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The Top Ten Health Benefits of Chamomile


What is Chamomile?

Most know chamomile as the classic bedtime tea, caffeine-free and relaxing. While good sleep is one of its possible benefits, it is only one of many, and by far not the most powerful. Some even call it a super herb. After researching for this article, I think it deserves a cape!

Chamomile is prepared from the flowers of the chamomile plant, just like hibiscus is. Usually, the type of chamomile used is German Chamomile. Unprocessed, the flowers look like daisies.

This article is based completely on information from scientific resources. However, none of the following article should be taken as medical advice or absolute fact. Everyone’s body is different.


1. Sleep: The Famous Benefit

Recent research says this ancient sleep remedy does far more than make you sleepy because it reminds you of bedtime. Chamomile has chemicals that can relax the brain and body by acting on GABA neurotransmitters: the same neurotransmitters that common sleeping pills activate to sooth you to sleep. However, unlike sleeping pills, it will not build up toxins, over-relax muscles, or worsen your memory.

Beyond increasing sleepiness, chamomile has historically been used for every sleeping problem. While science hasn’t researched most of these uses, considering the many times the ancients have been right, trying it out for everything from restlessness to nightmares might be worth a shot.

2. Skin Soothing

Chamomile has long been used as a salve for irritated skin. Everything from eczema to serious sores were treated with the deep, magic blue chamomile oil carried in a diluting oil.

Today, chamomile extract has been tested as a treatment for skin conditions, even severe ones like bed sores. It may even be an alternative to addictive steroids, as it has been as effective as hydrocortisone cream in at least one study. This may be due to the antibacterial, antimicrobial, and anti-inflammatory effects from compounds like polyphenols the herb is rich in.

Tip: Before trying anything on your skin, remember to patch test! Your skin may not like chamomile, especially if you are allergic to ragweed or daisies.


3. Brain Health

In addition to polyphenols, chamomile also has powerful antioxidants. This makes chamomile great for reducing oxidative stress damage and preventing free radicals from damaging cells. This effect is especially powerful due to an amazing compound that is both an antioxidant and polyphenol: apigenin.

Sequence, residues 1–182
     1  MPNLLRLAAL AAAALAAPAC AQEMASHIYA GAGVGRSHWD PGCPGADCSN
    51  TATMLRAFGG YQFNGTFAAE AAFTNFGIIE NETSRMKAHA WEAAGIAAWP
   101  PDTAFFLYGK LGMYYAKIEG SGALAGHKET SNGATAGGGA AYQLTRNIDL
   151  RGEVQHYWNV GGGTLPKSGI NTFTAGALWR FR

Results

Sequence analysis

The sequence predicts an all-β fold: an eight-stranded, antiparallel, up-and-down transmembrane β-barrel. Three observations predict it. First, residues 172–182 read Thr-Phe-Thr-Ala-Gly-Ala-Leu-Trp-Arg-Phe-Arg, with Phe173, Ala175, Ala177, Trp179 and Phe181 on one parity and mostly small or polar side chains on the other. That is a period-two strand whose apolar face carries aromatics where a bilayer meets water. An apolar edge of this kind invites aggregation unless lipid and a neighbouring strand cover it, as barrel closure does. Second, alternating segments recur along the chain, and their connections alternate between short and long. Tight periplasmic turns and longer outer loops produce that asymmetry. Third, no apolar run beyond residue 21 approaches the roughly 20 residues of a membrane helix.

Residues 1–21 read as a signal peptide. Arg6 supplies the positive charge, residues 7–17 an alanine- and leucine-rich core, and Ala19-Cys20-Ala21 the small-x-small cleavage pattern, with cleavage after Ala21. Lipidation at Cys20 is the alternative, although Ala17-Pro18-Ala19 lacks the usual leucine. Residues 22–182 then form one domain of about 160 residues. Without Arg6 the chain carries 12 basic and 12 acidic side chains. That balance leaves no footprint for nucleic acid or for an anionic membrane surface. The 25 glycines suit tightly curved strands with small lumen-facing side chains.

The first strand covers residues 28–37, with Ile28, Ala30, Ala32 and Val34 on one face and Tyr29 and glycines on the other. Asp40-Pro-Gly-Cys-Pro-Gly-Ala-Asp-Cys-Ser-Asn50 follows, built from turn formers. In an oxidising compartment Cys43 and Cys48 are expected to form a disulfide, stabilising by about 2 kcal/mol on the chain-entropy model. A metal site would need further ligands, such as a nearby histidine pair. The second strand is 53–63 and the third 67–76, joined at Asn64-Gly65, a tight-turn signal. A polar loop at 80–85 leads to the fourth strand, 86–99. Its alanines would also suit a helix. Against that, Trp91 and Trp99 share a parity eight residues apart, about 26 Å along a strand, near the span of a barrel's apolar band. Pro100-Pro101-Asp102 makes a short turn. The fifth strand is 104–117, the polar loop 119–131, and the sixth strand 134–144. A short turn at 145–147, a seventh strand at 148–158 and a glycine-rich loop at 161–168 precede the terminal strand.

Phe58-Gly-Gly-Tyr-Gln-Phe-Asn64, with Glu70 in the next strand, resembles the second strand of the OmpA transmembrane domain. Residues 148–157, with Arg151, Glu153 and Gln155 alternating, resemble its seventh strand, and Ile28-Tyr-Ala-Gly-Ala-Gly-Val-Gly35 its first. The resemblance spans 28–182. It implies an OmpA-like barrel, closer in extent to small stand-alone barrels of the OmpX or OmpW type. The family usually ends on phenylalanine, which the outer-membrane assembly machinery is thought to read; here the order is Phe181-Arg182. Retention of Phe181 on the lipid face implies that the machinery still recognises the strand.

Apigenin is so powerful it can even help reduce the chances of Alzheimer’s and Parkinson’s by inhibiting the degradation of myelin sheaths of the brain’s neurons. But don’t worry if you can’t drink chamomile! There are many other sources of apigenin, antioxidants, and polyphenols in the world. If it’s a plant, it probably has them!


4. Migraine Relief

An ancient Persian migraine remedy was a combination of chamomile and sesame oil (another anti-inflammatory) rubbed on the head. One study tested this remedy and found that it can work for mild to moderate migraines without auras. It was as effective as drugs like Aspirin for pain and it reduced nausea, vomiting, and sensitivity to lights and sounds.

The compounds in chamomile can work to inhibit an enzyme that causes pain, inflammation, and fever. However, while the plant was dedicated to the sun god in ancient Egypt for its fever reducing effects, science has not studied this potential benefit.

5. Stomach Calming and Healing

Chamomile’s anti-inflammatories strike again! In ancient medicine and modern studies, chamomile has been effective against irritable bowel syndrome (IBS) and diarrhea. In fact, it may be even faster than the usual dietary methods like eating bland foods at resolving diarrhea.

In addition to the anti-inflammatory effect, the antibacterial and antimicrobial properties of chamomile may have a powerful effect on ulcers. Beyond treating existing ulcers, it may even be able to prevent ulcers caused by stress, alcohol, pain medication, and chemotherapy.

Chamomile may also defeat stomach and intestinal cramps, as the compounds in it may relax muscle spasms.


6. Anxiety and Depression